I visited Darwin Falls on March 23, 1980 while I was living in nearby Lone Pine, California.
From Wikipedia, Darwin Falls is a waterfall located on the western edge of Death Valley National Park near the settlement of Panamint Springs, California.
Although there exists a similarly named Darwin Falls Wilderness adjacent to the falls, the falls themselves are located in and administered by Death Valley National Park and the National Park Service.
There are several falls, but they are mainly divided into the upper and lower with a small grotto in between. At a combined 80 feet, it is the highest waterfall in the park. The canyon is walled by dramatic plutonic rock.
Darwin Creek is one of the four perennial streams in three million-acre Death Valley National Park. Darwin Falls and Creek are fed by the Darwin Wash, which is in turn fed by the volcanic tableland of the Darwin Bench between the Inyo Mountains and the Argus Range.
The small, narrow valley where the creek and falls are located features a rare collection of riparian greenery in the vast desert and is home to indigenous fauna such as quail. The falls themselves support several small fern gullies.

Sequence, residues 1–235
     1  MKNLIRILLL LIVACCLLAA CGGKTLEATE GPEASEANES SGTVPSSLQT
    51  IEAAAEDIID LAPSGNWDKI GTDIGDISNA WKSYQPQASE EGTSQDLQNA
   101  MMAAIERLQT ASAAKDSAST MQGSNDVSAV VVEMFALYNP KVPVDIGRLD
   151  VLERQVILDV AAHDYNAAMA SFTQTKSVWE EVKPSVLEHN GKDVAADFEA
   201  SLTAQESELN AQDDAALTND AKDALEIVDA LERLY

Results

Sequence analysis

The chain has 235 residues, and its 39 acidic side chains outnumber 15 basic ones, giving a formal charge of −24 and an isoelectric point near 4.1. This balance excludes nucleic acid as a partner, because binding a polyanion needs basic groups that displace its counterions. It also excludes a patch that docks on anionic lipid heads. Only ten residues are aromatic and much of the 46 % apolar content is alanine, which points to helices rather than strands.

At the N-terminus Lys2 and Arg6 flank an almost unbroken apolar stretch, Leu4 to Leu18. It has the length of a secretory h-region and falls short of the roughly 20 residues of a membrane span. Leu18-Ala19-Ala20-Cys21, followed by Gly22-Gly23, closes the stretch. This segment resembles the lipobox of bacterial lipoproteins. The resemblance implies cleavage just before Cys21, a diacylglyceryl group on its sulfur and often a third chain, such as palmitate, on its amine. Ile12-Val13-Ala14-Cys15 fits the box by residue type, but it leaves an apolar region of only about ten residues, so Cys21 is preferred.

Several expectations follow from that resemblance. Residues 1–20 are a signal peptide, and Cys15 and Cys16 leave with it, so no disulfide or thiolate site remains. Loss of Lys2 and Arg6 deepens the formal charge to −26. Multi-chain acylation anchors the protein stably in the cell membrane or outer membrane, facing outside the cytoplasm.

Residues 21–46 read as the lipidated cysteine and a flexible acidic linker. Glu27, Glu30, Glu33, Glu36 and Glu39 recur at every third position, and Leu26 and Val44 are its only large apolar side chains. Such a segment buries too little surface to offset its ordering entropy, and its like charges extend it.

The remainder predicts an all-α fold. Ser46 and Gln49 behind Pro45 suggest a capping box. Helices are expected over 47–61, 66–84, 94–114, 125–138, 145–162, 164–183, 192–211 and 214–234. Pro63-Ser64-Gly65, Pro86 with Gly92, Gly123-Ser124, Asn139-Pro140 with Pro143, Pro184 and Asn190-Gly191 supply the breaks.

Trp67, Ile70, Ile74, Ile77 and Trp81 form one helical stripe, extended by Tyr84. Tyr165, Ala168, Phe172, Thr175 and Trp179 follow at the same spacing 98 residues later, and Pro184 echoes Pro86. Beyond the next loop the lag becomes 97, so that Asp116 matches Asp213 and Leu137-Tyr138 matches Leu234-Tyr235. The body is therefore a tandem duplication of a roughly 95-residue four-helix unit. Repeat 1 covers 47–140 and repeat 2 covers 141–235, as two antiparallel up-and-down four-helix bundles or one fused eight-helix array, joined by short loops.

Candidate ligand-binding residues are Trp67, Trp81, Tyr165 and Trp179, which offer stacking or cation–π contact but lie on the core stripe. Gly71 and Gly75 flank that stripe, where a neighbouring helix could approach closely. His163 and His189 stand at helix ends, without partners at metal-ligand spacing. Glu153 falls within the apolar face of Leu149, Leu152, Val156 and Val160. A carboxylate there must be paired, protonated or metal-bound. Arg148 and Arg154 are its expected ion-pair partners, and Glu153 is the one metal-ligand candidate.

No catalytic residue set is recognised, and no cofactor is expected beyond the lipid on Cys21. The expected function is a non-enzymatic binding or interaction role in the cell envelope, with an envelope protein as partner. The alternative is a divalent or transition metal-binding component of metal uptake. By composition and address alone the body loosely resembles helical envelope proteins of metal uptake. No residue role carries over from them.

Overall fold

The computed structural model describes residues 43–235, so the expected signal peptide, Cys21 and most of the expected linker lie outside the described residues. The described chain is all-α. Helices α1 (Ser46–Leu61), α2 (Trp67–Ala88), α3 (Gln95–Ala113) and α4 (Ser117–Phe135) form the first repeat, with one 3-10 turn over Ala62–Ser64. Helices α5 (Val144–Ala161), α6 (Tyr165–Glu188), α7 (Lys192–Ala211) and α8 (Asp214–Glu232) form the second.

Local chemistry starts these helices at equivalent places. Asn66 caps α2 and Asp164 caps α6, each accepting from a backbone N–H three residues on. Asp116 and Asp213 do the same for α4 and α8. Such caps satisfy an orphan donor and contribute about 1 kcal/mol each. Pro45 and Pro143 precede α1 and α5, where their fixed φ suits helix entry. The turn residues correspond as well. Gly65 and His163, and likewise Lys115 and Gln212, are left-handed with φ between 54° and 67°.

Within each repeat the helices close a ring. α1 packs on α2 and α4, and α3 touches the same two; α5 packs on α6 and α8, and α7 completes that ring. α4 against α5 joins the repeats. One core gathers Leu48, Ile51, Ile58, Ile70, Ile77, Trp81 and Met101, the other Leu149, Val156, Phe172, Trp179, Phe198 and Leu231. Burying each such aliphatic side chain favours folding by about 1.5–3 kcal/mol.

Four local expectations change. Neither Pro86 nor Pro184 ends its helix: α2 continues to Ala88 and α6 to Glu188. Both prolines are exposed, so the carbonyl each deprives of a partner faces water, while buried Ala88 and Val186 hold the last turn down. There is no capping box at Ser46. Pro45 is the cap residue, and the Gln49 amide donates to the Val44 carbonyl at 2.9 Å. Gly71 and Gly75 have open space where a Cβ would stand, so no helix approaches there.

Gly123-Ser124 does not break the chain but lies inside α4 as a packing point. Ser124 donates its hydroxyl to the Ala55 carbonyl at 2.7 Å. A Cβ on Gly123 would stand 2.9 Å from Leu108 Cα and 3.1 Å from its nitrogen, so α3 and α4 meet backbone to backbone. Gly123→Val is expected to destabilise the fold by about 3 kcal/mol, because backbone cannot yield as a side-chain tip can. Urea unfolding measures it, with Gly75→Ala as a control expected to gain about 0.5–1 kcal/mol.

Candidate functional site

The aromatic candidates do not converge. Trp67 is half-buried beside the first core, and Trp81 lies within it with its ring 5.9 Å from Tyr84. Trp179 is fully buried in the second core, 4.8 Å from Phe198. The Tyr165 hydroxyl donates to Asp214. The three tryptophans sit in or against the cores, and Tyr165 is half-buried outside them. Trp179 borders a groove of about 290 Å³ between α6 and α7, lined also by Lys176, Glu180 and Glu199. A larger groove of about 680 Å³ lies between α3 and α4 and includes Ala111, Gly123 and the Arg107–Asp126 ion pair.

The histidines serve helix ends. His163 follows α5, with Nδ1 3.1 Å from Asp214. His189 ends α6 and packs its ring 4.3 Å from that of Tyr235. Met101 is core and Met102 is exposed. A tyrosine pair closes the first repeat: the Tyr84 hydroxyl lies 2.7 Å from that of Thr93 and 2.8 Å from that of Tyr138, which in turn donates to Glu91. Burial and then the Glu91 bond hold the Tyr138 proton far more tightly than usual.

Darwin Falls, the Darwin Falls Wilderness, the nearby town of Darwin, California, and all other areas named "Darwin" in the vicinity are named after Dr. Darwin French (1822–1902), a local rancher, miner, and explorer.
The falls are located in a small, narrow valley near Panamint Valley. Access to the trail to Darwin Falls is a dirt road located on the south side of State Route 190, approximately 1/4 mile west of Panamint Springs.
The lower falls (themselves approximately 20 feet) are accessible with a short hike through Darwin Canyon that becomes moderately difficult toward the end.
While this access point is usually accessible with a 2WD vehicle, there is an option to drive further with a 4WD vehicle to a spot further along the path around the canyon.
The upper falls are viewable with moderate climbing.